Thursday, February 5, 2009
Laws that protect unions are problematic. Unions raise wages above market levels, increasing unemployment.
The Obama fiscal stimulus risks reviving this insanity, since both the House and Senate bills require that certain stimulus-funded projects use U.S. equipment and goods. The administration should oppose these provisions. More generally, President Obama and his economic advisors should state -- no, scream -- that America is unambiguously committed to free trade.
Wednesday, February 4, 2009
Former Danville Mayor F. Seward Anderson has announced plans to challenge Delegate Danny Marshall, R-Danville, this year for his House seat in the General Assembly.
Anderson, a Democrat, said he mailed his papers Monday to the state Board of Elections to declare his candidacy. He also has filed papers with the city registrar.
“My focus will be job growth, education, transportation and working as hard as possible to obtain more funding from the Governor’s Opportunity Fund,” Anderson said Tuesday.
Anderson, a financial advisor with Wachovia Securities, served on Danville City Council from 1982 to 1996, including 10 years as mayor.
Tuesday, February 3, 2009
Monday, February 2, 2009
For the last seven years, State Senator Creigh Deeds has gone to bat for a non-partisan redistricting proposal; today’s unanimous vote in the Virginia State Senate makes it three consecutive years that proposal has received support from a bi-partisan coalition in the Virginia Senate [See: Richmond Sunlight, SB 926, 2009].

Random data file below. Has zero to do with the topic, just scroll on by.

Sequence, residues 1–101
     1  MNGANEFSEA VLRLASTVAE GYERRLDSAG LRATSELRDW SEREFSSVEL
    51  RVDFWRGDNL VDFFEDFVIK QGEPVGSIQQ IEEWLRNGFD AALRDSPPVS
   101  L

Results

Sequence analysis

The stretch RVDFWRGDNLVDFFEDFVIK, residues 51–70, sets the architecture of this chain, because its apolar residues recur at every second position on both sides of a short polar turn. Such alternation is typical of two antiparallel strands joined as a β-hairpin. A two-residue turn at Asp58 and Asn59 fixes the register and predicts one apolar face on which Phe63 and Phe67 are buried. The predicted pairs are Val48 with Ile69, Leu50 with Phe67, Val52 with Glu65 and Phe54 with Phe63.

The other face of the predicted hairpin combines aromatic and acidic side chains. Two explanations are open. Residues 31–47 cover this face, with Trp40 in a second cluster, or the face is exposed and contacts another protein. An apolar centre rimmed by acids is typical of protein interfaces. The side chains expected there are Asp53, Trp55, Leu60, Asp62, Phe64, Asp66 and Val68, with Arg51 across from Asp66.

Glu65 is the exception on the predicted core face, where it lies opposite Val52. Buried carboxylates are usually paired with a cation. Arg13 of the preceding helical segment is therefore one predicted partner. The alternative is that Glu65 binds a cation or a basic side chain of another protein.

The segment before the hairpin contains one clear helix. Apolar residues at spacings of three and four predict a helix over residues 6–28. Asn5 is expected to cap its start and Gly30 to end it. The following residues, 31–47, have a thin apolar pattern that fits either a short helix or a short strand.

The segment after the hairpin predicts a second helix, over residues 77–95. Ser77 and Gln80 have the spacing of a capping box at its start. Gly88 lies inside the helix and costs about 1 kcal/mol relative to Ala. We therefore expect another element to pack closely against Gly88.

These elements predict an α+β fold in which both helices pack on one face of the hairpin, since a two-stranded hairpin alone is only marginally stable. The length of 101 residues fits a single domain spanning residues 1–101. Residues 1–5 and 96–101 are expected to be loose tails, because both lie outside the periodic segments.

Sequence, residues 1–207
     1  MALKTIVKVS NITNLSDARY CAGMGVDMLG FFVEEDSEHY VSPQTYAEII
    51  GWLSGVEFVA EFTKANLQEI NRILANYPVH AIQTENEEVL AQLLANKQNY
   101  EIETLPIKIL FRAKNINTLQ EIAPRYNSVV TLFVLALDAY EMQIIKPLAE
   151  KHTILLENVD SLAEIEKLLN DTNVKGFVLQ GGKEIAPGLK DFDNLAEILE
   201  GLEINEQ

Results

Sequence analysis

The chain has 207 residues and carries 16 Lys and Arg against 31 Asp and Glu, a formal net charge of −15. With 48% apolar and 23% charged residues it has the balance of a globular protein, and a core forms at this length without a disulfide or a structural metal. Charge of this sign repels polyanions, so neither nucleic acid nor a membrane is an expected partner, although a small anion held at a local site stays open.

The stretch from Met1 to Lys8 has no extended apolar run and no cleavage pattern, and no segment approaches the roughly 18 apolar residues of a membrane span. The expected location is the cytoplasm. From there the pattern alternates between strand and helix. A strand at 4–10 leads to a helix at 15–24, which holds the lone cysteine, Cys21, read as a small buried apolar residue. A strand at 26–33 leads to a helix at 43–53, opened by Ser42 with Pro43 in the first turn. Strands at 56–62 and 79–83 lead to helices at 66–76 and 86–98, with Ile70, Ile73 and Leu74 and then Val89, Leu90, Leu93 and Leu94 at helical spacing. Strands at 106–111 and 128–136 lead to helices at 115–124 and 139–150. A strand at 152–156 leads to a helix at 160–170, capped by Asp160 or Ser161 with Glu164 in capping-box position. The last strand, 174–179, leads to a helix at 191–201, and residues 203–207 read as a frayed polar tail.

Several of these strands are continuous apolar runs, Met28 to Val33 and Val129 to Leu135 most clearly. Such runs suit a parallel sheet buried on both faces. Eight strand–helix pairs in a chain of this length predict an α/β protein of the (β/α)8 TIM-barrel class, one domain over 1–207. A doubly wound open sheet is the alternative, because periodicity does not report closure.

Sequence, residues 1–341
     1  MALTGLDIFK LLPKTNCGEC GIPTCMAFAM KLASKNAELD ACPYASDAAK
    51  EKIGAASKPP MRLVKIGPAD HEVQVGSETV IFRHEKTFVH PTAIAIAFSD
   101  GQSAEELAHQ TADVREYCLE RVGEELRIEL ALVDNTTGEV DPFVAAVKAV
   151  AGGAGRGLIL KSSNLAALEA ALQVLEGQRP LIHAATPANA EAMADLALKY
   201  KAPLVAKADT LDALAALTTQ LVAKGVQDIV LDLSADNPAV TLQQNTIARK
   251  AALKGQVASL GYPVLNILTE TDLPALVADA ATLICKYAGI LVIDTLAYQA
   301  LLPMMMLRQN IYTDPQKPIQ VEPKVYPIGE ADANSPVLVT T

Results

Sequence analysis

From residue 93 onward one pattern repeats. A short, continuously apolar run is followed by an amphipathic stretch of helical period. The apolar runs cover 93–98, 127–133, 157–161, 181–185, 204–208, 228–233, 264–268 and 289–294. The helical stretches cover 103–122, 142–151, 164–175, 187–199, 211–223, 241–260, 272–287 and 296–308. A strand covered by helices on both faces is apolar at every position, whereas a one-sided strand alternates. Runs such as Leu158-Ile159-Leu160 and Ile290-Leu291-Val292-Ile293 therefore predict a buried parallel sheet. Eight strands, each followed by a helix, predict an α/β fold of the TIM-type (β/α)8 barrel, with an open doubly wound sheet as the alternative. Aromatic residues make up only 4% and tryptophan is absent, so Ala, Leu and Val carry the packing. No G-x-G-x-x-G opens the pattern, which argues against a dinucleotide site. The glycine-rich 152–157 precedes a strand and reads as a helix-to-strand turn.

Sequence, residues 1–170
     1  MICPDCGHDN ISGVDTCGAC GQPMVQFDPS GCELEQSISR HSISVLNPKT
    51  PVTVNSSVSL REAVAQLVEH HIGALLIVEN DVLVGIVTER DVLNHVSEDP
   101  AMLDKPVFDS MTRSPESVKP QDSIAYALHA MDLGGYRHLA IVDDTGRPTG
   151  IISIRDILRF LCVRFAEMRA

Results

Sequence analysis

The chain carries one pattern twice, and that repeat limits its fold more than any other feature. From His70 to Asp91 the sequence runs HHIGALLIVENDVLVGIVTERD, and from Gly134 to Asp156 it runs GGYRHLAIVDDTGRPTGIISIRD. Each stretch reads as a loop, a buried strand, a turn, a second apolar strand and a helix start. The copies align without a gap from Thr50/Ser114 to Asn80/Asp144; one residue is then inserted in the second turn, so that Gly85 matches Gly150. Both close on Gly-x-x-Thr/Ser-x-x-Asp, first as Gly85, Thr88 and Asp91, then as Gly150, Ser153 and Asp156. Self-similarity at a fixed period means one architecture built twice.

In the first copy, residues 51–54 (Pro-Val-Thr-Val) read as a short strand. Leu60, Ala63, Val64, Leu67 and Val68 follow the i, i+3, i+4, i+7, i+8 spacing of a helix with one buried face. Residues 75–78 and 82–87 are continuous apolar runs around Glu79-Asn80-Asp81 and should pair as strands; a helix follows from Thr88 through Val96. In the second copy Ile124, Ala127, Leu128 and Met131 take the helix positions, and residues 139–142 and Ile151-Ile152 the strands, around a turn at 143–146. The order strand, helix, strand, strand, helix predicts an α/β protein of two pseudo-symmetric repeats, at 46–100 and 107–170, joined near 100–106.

It isn’t sexy. It isn’t soundbite worthy. But it is the key to ensuring political competition and bipartisanship in a state government nearly paralyzed with gridlock. Deeds says,
“This important reform can change the way we do business in state government by putting an end to the bitter partisanship that keeps us from moving Virginia forward. With the next redistricting just around the corner, my proposal ensures that the electorate chooses their elected leaders; not the other way around.”
The operative word here is non-partisan. A good example of how this might work would be districting by a panel of retired judges--since they spent their careers striving for neutrality and no longer have a stake in the system, they should be pretty fair and impartial. Hopefully this would produce as many competitive districts as possible, as opposed to bipartisan redistricting, which only produces equal numbers of safe districts through wheeling and dealing.